The days of $3 a gallon gas are behind us for the time being, with the national average less than one cent higher than the year’s low on Jan. 26.
According to a report by AAA, the national average should soon dip below the $2 per gallon mark for the first time since 2009. Currently, the national average sits at $2.03 per gallon. Hawaii ($2.79) continues to have the highest average gas price and is the only state with an average price above $2.75 per gallon. California ($2.69) has the second highest average price for gas. South Carolina ($1.81) and Missouri ($1.81) are tied for the lowest gas in the country, followed by Oklahoma ($1.83).
It’s no surprise gas prices are moving lower. Winter demand for gas usually dips and with it pump prices decline too.
The U.S. Energy Information Administration is reporting that refinery production is outpacing both 2014 and current demand. U.S. crude oil stocks are nearing an all-time high, and questions about continued production and storage capacity are beginning. Strong production and growing gas inventories are likely to keep prices low leading into 2016, according to AAA.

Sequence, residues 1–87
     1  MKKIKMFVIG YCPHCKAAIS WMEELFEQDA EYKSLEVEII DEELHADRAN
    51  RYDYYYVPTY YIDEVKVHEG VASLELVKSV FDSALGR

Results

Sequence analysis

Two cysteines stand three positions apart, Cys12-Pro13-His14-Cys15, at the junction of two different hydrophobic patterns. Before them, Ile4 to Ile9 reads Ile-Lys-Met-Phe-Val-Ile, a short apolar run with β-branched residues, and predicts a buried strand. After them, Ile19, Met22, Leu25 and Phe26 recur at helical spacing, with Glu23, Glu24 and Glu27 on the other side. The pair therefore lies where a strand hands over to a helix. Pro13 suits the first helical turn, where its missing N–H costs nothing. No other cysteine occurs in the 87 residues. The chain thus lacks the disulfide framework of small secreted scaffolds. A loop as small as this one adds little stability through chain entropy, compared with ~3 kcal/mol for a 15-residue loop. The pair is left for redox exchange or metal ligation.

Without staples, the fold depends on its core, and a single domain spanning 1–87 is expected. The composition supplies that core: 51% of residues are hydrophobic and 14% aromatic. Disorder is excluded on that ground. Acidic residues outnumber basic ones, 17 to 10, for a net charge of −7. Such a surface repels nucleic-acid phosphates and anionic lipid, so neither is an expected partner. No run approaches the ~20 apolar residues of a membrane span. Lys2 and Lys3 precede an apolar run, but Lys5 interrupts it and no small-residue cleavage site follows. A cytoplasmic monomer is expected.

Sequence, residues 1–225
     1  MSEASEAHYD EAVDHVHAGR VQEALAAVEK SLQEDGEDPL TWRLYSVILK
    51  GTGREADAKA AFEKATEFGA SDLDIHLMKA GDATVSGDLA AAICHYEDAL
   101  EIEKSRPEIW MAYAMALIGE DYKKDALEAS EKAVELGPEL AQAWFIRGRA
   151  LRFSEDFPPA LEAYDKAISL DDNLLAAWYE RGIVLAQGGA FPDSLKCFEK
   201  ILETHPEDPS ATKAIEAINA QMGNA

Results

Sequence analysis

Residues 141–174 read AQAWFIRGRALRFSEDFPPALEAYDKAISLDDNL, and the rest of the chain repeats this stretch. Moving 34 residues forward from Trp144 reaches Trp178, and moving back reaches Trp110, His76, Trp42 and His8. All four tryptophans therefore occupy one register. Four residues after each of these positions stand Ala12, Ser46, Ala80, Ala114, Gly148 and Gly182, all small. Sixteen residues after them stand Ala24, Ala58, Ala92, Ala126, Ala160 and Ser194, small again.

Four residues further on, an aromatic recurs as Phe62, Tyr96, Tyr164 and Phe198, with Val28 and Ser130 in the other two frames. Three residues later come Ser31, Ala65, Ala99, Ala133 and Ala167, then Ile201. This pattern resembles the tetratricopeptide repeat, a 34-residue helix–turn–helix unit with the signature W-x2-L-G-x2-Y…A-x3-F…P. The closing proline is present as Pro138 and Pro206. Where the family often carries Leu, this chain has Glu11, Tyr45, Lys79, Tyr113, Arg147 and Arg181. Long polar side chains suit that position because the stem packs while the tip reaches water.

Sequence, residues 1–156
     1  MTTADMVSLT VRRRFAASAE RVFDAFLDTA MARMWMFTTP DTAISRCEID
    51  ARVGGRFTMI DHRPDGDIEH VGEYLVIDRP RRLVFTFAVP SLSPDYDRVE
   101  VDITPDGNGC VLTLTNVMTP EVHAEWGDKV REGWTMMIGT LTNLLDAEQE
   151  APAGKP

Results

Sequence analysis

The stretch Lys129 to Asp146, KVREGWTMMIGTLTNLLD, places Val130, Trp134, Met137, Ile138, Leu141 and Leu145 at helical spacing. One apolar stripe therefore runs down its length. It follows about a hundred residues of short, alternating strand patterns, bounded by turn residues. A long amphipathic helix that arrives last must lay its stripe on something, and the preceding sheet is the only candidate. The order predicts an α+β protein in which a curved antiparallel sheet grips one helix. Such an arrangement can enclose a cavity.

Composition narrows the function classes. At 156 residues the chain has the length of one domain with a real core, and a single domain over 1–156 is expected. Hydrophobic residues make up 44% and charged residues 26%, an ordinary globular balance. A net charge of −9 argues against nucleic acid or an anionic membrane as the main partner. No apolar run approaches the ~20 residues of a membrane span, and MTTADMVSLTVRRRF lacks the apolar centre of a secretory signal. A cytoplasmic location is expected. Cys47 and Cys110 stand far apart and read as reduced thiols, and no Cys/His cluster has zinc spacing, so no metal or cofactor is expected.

Last week OPEC decided to sustain current production levels, which has contributed to lower oil prices, AAA pointed out. “The cartel is not scheduled to reconvene until June 2016, and in the interim the imbalance between supply and demand will likely persist.”
According to AAA, the Federal Reserve is expected to raise interest rates following a strong U.S. jobs report. A higher interest rate typically leads to a stronger U.S. dollar, which makes oil relatively more expensive for those with foreign currencies. This combination could continue to grow oversupply and keep pump prices heading downward. The domestic oil market also has signs of oversupply as crude oil and gas inventories near record levels.